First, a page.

The Impact of Climate Change on Construction Jobs


Environment change is making it necessary to update and upgrade existing infrastructure to survive the harsh consequences of a warming climate, just as new standards demand structures to be designed more sustainably. Increased severity and frequency of severe weather events are one of the most major and devastating impacts of climate change. The Center for Climate and Energy Solutions has documented a significant increase in heat waves, torrential downpours, wildfires, tropical storms and hurricanes, and tornadoes in the United States during the last several decades.

Severe weather events like this harm existing infrastructure that was not designed with climate change in mind. As a result, towns are proactive in modernizing their infrastructure to prepare for natural catastrophes. The following are some of the major weather disasters affecting infrastructure:

  • Wildfires: California, for example, is investing in fire prevention through grants and other measures. The state is investing in jobs like fire break construction and reforestation to prevent enormous expanses of dry and combustible land.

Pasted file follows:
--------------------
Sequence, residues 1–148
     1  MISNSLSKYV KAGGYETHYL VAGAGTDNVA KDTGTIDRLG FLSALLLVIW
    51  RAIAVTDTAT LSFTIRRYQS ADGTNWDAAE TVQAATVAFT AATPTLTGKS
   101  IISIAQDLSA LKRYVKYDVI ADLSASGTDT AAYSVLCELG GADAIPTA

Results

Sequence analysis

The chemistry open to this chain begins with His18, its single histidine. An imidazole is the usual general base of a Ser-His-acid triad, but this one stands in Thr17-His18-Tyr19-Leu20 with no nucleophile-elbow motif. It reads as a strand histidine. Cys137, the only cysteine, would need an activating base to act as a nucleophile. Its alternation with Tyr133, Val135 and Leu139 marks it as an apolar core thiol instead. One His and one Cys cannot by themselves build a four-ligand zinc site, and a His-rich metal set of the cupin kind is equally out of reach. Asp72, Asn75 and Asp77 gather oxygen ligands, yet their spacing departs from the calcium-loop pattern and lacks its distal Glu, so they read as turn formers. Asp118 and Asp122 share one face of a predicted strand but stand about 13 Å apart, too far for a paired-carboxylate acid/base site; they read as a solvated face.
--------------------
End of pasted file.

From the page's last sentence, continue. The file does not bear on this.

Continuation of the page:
• Excessive Heat: The temperature has risen to the point that roads and rooftops are melting all around the world. To address this issue, communities are upgrading their electricity grids and installing more lasting roofing materials, generating a demand for more experienced personnel in these fields.
  • Hurricanes: Because of climate change, hurricanes are becoming substantially more destructive and intense. As a result, municipalities are investing in storm-resistant infrastructure maintenance and construction. These expenditures include hiring additional construction workers to rehabilitate and develop storm-damaged areas.
  • Erosion: Coastal storms and high tides have exacerbated the impacts of coastal erosion as sea levels rise. Beach replenishment, a procedure that involves dredging sand from the ocean floor and using it to replace sand lost to erosion, is one method counties are combating coastal erosion. Engineers, designers, and construction workers will be in great demand as beach replenishment plans are developed and implemented.
  • Drought: Climate change is also having an impact on power facilities that rely on surface water to cool them. Drought-related effects may hinder energy production for several power facilities as the weather continues to warm. Updating and building new cooling systems in these power plants would not only help to avert droughts but will also create a need for people to upgrade and manage these new systems. Similarly, constructing renewable energy facilities would aid drought resilience while increasing the demand for more qualified people.

Many states have already begun to invest in infrastructure repair and adaptation. As a result, demand for construction and related labor will rise further.

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